As the only girl in her AP Physics class, Samantha Hughson ’19 rarely asked questions because she didn’t want her fellow students to think she couldn’t handle the coursework.
That is no longer a problem.
Hughson, a computer science major and math minor, is the founder and president of Clark Women in STEM (Science, Technology, Engineering and Math), a student-run group that discusses the issues surrounding the inclusion and advancement of women in technical professions.
“When I was coming to college, my father said if they didn’t have a club like this, I needed to start one,” Hughson recalls. She launched Clark Women in Stem her sophomore year, attracting students from technology and the sciences (the group is open to men, too) to alumnae panels and other events.
Last year, Hughson attended the Grace Hopper Celebration for Women in Computing, which addressed topics like pay equity, advancement opportunities, and workplace harassment. “The conference theme was that we’ve made progress, but we’re not there yet,” she says.
Hughson left feeling empowered and optimistic, then flew directly to South Carolina to interview for an internship with Boeing. “I was surrounded by all guys interviewing for the same job. It was a jolt of reality.” She spent this summer interning at Amazon’s Boston headquarters.
Growing up in Bothell, Washington, as the daughter of a Microsoft programmer (her father) — and a periodic visitor to the Microsoft campus — Hughson knew a technology career was in her future. At Clark, she has worked with Professor John Magee and a team of students to develop computer devices that will better serve people living with blindness and significant hearing loss.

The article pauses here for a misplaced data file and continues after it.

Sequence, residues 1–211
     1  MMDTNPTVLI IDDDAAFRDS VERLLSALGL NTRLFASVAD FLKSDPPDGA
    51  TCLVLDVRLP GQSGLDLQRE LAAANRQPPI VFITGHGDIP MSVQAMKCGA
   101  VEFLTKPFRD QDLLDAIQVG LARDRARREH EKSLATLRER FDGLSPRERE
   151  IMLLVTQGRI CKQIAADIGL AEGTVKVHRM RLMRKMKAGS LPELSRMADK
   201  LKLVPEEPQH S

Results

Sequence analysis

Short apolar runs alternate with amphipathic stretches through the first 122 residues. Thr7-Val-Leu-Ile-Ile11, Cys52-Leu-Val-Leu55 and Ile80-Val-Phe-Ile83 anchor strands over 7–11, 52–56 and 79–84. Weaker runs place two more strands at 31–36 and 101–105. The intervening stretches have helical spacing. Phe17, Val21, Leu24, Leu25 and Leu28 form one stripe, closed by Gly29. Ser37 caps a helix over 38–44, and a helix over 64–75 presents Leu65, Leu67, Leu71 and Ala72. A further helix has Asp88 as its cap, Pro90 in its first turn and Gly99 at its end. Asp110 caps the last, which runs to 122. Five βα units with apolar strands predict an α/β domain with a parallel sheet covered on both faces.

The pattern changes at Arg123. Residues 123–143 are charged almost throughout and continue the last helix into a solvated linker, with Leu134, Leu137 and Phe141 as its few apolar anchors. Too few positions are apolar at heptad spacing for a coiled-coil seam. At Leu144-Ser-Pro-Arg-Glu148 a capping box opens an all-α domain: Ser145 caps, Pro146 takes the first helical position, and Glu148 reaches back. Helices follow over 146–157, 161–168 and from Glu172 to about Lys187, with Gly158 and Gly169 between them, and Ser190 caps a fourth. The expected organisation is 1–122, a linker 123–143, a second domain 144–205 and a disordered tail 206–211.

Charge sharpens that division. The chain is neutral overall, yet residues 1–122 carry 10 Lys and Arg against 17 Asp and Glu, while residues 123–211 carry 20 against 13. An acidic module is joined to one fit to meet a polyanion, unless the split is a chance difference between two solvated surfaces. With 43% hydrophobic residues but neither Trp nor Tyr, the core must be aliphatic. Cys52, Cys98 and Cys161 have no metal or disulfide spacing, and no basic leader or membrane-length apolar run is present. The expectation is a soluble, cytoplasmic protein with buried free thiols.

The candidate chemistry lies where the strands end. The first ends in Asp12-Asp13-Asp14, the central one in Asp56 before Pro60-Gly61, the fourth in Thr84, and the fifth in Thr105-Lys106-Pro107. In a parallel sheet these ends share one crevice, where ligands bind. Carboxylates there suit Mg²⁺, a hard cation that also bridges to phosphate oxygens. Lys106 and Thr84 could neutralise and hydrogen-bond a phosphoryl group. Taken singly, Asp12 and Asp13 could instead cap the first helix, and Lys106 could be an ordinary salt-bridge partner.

She’s especially passionate about creating apps that help nonverbal children develop language skills, which is one reason she’s taken four semesters of American Sign Language classes. Hughson notes that some children, particularly those in developing countries, don’t have access to sign language and may not develop essential language skills early in life. The right apps can help bridge the gap. “I want to make technology more accessible to everyone,” she says.
Hughson knew she wanted two things when it came time to choosing a college: a strong computer science program and an opportunity to indulge her love for acting. A performer since the age of 5, Hughson found the perfect match of academics and the arts at Clark.
“It’s one of the things I love about Clark,” she says. “You don’t have to major in theatre to be 100 percent involved with it. I knew I wanted theatre to be a part of my life, and I can do that here. At a bigger college I wouldn’t have been able to do both.”
She has become as familiar a presence on the Clark stage as she is in the computer lab. She won the “Clark’s Got Talent” competition, singing a tune from the movie “Her.” And she’s performed in every Clark Musical Theatre production, including “The Drowsy Chaperone,” “Bonnie and Clyde,” and “Heathers.”
Last year, Hughson took the reins as CMT president, organizing and executing shows with as many as 70 student cast and crew members. Most recently she performed as Scuttle the seagull in CMT’s sold-out production of “The Little Mermaid.”
It’s a big, messy job, but “I run a tight ship,” she smiles. Whether captaining a lavish musical or transforming a jumble of code into an app that may one day change a life, Hughson is comfortable turning mayhem into magic.